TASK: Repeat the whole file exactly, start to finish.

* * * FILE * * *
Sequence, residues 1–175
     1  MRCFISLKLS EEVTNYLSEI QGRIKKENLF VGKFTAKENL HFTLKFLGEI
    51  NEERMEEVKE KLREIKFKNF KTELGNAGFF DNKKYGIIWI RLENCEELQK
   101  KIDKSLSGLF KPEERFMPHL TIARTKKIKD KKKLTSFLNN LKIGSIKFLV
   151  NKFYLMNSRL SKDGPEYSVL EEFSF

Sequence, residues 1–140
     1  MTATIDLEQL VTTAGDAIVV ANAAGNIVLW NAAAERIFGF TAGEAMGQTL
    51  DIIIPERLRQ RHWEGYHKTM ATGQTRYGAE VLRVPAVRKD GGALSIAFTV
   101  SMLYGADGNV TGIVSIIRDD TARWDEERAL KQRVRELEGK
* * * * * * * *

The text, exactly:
Sequence, residues 1–175
     1  MRCFISLKLS EEVTNYLSEI QGRIKKENLF VGKFTAKENL HFTLKFLGEI
    51  NEERMEEVKE KLREIKFKNF KTELGNAGFF DNKKYGIIWI RLENCEELQK
   101  KIDKSLSGLF KPEERFMPHL TIARTKKIKD KKKLTSFLNN LKIGSIKFLV
   151  NKFYLMNSRL SKDGPEYSVL EEFSF

Sequence, residues 1–140
     1  MTATIDLEQL VTTAGDAIVV ANAAGNIVLW NAAAERIFGF TAGEAMGQTL
    51  DIIIPERLRQ RHWEGYHKTM ATGQTRYGAE VLRVPAVRKD GGALSIAFTV
   101  SMLYGADGNV TGIVSIIRDD TARWDEERAL KQRVRELEGK